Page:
Trump Is Not Doing Well With His Election Lawsuits. Here’s a Rundown.

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Pirkle v. Wolf

Filed: Nov. 10

Claim: Four voters sought to block all votes from Philadelphia, Montgomery, Delaware and Allegheny Counties from being included in the state total, claiming that the state violated the right to equal protection by allowing differing absentee balloting practices among counties.

Before the election, Pennsylvania’s secretary of state, Kathy Boockvar, advised county election officials that “curing” absentee ballots (the term for fixing mistakes like a missing signature) was permitted but not required. As a result, local practices differed to a degree. This suit claims that it was unconstitutional to allow some but not all Philadelphia voters to cure their ballots. The suit also cites Delaware County for allegedly giving in-person ballots to voters who were recorded as having received mail-in ballots without requiring them to sign the registration book at the polls. In Allegheny County, according to the suit, voters were required to vote provisionally when records showed they had requested an absentee ballot but not cast it.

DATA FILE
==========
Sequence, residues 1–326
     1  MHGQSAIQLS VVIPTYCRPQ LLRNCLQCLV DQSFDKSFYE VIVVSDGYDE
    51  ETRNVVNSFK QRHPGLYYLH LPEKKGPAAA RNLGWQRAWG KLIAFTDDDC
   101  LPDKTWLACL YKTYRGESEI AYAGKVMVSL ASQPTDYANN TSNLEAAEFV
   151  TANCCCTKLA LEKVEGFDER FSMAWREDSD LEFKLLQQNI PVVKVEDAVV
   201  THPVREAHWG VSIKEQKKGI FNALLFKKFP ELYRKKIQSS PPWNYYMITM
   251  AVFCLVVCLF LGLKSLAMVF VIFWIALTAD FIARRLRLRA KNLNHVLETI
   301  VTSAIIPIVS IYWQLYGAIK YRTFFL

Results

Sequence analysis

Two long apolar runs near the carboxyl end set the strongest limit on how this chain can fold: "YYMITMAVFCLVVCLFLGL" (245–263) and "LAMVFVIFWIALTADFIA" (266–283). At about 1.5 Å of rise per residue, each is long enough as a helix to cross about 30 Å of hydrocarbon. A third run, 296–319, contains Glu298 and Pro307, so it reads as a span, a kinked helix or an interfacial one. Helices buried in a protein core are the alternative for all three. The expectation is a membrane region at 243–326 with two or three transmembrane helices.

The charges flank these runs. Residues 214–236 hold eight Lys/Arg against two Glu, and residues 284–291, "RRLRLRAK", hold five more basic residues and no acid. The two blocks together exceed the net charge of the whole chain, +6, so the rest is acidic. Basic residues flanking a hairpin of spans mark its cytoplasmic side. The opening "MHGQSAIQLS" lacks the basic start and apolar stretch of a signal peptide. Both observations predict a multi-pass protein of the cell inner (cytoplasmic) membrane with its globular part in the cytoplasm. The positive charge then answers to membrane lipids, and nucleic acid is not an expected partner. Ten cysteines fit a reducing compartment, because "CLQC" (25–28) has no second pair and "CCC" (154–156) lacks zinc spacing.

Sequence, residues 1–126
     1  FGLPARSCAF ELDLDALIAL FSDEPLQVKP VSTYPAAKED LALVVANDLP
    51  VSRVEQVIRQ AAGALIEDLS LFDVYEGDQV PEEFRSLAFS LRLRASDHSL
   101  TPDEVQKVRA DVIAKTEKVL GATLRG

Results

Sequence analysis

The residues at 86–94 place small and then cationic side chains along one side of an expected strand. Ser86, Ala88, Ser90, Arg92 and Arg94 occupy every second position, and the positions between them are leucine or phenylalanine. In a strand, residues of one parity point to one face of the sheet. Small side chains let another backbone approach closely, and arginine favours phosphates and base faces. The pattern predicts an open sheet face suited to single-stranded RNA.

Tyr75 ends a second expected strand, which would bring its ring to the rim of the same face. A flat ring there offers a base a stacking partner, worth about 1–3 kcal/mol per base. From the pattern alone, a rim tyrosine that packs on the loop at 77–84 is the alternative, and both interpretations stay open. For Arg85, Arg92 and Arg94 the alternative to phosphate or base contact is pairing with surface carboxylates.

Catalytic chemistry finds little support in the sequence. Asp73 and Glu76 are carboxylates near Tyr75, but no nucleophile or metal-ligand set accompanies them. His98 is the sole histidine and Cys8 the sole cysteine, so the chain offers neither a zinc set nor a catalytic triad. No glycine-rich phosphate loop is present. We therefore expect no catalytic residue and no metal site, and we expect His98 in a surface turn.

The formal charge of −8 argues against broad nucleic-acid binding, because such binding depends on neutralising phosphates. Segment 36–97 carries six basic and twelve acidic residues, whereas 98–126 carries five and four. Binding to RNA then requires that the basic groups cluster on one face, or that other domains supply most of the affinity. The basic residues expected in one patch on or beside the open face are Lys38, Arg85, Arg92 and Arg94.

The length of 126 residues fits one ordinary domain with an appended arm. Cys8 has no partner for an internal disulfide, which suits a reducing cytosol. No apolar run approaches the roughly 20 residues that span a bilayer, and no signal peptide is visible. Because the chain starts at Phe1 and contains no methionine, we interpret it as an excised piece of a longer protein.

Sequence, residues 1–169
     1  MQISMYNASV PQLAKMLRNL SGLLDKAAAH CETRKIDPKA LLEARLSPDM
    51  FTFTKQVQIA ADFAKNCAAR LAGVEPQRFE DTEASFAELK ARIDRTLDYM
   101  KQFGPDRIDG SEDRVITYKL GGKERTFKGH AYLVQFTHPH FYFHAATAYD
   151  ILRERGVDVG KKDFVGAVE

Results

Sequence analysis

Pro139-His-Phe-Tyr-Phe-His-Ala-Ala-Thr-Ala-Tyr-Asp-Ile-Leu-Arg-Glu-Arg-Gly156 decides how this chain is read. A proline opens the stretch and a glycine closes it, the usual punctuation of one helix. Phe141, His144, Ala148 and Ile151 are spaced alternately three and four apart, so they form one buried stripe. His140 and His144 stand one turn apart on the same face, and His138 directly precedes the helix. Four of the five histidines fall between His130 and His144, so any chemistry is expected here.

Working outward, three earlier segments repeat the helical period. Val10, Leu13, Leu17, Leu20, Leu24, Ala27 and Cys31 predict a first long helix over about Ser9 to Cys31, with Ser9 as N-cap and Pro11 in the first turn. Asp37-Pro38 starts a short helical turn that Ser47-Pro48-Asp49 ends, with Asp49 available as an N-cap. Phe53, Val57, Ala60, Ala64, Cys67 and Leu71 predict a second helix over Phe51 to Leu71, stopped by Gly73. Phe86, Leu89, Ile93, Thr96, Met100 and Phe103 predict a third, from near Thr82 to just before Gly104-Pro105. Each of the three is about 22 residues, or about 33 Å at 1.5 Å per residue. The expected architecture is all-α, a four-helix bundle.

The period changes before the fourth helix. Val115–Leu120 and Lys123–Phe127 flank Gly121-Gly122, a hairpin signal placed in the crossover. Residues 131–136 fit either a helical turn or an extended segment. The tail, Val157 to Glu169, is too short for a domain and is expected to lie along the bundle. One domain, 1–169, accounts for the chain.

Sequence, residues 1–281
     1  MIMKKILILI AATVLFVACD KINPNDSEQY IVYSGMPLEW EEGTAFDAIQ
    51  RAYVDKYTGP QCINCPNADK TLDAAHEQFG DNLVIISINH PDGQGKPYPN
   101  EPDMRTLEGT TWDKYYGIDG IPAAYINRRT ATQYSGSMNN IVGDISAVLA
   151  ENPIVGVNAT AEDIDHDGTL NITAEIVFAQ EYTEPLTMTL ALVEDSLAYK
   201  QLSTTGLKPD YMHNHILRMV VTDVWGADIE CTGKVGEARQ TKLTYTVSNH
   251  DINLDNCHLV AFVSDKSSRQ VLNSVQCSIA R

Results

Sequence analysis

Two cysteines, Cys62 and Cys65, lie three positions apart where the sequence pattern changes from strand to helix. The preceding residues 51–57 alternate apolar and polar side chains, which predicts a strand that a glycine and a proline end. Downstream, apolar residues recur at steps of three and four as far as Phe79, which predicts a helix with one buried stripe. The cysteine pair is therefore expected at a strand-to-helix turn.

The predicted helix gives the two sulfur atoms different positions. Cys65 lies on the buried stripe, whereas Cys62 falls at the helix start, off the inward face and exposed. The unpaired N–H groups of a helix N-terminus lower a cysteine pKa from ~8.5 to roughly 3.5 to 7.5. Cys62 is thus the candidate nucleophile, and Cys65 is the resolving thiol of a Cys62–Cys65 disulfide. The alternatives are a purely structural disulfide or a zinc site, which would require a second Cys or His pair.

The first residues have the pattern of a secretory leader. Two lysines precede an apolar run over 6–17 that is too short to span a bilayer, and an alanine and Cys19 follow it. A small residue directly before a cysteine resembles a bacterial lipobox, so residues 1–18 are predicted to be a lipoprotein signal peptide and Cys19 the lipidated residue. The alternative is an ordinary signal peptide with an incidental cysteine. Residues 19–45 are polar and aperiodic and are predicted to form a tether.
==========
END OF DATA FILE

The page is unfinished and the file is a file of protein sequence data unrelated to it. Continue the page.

Context: The election system in the United States is highly decentralized and gives considerable authority to state and county officials over how to run elections. As a result, it is common for states to allow some variation in local election practices and to allow voters to cast provisional ballots in a variety of circumstances.

Status: On Thursday night, the law firm representing the Trump campaign, Porter Wright, asked to withdraw. Previously, the plaintiffs asked Judge Matthew Brann of the United States District Court for the Middle District of Pennsylvania to consolidate this case with the next one below.

Donald J. Trump for President v. Boockvar

Filed: Nov. 9

Claim: The Trump campaign is seeking to block the certification of the Pennsylvania election, alleging fraud in mail-in balloting, insufficient access for poll observers and varying procedures for curing ballots among different counties.

The plaintiffs said “Democratic heavy” counties allowed voters to cure their absentee ballots while “Republican heavy” counties did not. They also said ballots were processed in Allegheny County and Philadelphia while poll observers were too far away to see what was happening.

Context: On Election Day, Republican lawyers acknowledged in court that the party’s observers were present at the Pennsylvania Convention Center in Philadelphia when votes were being counted. “I’m sorry, then what’s your problem?” Judge Paul S. Diamond of the United States District Court for the Eastern District of Pennsylvania asked. He granted a modest accommodation, ordering the city election commission to allow poll observers to move closer to the counting.



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